One more idea for the last loads of tomatoes...
A couple of weeks ago, while I was busy making marinara sauce, my piano teacher and friend, Sonja Bauer, gave me a jar of tomato-vegetable juice made from her mother's recipe. It was so wonderfully fresh and healthful! I had to have the recipe. In addition to drinking it, Sonja tells me that she uses it in making chili and as a base for Cream of Tomato soup.
My husband picked a huge basket of ripe plum tomatoes with some yellow pear tomatoes,too-- and I spent the morning making and canning 5 quarts of this drink --with some leftover to refrigerate for use in the next couple of days. I am delighted to share this recipe and hope you have the opportunity to try it.
Sonja's Recipe for Tomato Cocktail
1. Assemble the following in a large stock pot:
½ bushel of cleaned, cored, and quartered tomatoes
1 large onion, rough chopped
1 cup of chopped celery
1 cup of chopped green pepper
handful of fresh parsley, coarsely chopped
2. Bring to a full boil and then simmer with the lid on for an additional 30 minutes.
3. Working with a food mill, extract the pulpy juice and discard the waste seeds, skins, etc.
4. Measure the juice. For every 7 cups of juice, add:
2 Tbsp. Cane sugar
2Tbsp. Lemon juice
Pepper, if desired
5. Using a ladle and funnel, fill prepared quart canning jars with the hot liquid, to within ¼ inch of the top, apply lids and rings, avoiding overtightening.
6. Process in a prepared, boiling water bath for 30 minutes. Make sure jars are covered with 1-2 inches of water and judge the processing time from when the water boils again. Remove jars from water using the tool intended. Allow to cool and dry—and "Ping"-- before labeling and then storage in the pantry.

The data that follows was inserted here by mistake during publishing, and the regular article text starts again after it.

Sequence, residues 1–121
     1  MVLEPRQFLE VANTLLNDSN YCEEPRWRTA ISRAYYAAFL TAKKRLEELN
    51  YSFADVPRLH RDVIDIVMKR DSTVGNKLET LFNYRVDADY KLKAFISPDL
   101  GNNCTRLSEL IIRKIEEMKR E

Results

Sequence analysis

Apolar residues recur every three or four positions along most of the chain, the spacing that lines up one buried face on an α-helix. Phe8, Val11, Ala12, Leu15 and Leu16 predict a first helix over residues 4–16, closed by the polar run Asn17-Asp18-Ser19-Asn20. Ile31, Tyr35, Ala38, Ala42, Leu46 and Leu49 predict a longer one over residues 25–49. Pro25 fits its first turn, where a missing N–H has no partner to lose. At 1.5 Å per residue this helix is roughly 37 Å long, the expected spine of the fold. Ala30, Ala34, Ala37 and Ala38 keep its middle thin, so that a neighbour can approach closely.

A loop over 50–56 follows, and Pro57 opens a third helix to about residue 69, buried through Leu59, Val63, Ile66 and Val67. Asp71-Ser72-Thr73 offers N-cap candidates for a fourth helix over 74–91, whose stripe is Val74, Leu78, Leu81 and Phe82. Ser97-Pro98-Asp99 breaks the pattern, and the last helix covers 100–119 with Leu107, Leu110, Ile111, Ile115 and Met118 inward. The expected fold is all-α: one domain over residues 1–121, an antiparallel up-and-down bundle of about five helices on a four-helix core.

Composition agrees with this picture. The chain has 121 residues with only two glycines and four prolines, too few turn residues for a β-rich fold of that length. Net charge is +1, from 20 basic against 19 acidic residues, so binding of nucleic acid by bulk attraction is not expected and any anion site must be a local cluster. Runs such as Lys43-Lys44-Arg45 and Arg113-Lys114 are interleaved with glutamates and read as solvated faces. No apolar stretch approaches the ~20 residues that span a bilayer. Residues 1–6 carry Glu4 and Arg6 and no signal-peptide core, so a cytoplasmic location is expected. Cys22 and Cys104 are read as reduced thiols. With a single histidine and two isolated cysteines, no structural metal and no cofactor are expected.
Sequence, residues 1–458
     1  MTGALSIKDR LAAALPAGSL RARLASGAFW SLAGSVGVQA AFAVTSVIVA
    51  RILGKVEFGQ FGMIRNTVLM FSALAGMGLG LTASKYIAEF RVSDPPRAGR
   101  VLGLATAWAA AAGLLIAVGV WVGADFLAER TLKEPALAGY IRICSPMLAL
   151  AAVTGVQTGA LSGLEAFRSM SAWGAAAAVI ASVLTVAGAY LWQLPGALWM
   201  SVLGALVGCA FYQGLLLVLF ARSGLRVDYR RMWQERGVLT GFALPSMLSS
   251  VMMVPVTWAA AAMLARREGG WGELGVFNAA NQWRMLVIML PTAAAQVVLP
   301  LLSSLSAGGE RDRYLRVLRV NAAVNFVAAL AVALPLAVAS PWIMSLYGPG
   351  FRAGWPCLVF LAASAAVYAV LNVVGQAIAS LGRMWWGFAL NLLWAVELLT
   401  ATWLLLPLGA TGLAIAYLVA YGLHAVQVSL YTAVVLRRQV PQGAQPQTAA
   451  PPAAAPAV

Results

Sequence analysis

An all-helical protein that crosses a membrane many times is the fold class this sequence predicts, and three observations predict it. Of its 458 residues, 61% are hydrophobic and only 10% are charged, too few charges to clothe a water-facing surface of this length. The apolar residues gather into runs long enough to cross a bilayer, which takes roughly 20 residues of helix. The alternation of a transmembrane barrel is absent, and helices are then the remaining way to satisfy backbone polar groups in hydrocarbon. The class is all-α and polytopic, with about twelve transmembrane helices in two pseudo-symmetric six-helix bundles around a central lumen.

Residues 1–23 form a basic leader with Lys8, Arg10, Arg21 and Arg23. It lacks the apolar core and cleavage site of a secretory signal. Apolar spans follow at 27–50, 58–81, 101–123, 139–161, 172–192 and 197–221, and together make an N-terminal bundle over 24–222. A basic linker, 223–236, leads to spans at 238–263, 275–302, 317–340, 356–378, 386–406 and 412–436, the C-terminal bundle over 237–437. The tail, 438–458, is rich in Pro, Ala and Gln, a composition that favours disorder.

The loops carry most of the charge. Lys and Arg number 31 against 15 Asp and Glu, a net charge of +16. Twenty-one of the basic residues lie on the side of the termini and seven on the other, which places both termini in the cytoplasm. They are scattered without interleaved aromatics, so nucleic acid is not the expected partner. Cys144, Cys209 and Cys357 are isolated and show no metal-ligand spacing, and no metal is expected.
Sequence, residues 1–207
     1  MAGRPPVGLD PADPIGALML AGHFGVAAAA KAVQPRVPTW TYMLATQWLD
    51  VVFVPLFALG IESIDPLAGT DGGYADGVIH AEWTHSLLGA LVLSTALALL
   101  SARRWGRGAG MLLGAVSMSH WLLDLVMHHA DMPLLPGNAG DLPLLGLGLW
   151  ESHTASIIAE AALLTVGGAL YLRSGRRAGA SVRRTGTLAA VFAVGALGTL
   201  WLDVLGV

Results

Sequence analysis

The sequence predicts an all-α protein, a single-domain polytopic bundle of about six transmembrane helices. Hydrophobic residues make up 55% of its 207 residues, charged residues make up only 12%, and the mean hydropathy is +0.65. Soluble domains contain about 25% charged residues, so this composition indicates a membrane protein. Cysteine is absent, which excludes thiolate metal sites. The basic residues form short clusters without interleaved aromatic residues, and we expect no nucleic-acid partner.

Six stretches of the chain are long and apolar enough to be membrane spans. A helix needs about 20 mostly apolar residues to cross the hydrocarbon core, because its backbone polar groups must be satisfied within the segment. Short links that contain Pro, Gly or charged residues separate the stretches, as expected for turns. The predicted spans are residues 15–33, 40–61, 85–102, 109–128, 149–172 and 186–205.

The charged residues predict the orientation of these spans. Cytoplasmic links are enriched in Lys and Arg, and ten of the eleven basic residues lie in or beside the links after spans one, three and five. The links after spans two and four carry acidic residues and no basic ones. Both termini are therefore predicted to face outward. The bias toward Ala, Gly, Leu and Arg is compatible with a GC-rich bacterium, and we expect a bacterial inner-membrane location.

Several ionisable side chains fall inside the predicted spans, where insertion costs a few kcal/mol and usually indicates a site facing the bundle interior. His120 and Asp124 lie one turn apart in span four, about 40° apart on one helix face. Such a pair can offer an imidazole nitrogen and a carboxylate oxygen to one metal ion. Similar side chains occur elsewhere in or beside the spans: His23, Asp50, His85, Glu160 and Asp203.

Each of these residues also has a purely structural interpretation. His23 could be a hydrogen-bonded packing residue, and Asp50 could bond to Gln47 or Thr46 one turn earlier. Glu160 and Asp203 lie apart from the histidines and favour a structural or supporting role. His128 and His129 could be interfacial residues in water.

Because it's a solution of liquid and pulp solids, the tomato juice cocktail will separate with standing. Be sure to thoroughly chill and give the jar a good shake before serving.
I used mainly plum tomatoes at peak ripeness so they were pretty sweet and appropriately acidic. I adjusted down the sugar. However, one thing you can never adjust down is the lemon juice. Lemon juice will make the tomato preparation more acid which is what we want for food safety, in order to be able to process in the boiling water bath. Bottled lemon juice will not cause any adverse flavor change to the tomato juice so do NOT forget to add it. A little extra doesn't hurt, either. If you're unsure of the acidity of your tomatoes, then the current recommendation is to add 2 Tbsp of bottled lemon juice for every 1 quart of tomato juice.
I also substituted red bell peppers for the green pepper, simply because I happened to have one, not the other. I also added freshly ground black pepper, though I've seen recipes with a dash or two of hot pepper sauce and it could even be omitted--again your option.
I am also reminding you about the over-sized,measureable Rubbermaid containers, that make it so easy to process large volumes of liquid. See the above picture with the food mill. You can really cut down on the clean-up when you have the proper sized equipment.
The old-fashioned food mill really works easily with cooked tomatoes and vegetables. I actually bought my food mill at a hardware store.
Remember that tomtoes are high in antioxidants (more bioavailable when cooked!) and the Vitamins A and C. The acidity in tomatoes is mainly from ascorbic acid (aka-Vitamin C) but also from citric acid which is one reason why the bottled lemon juice (mainly citric acid) doesn't change the flavor profile.
If you love the taste of fresh tomatoes off the vine, then you will appreciate this tomato cocktail when the snow's flying in a couple of months!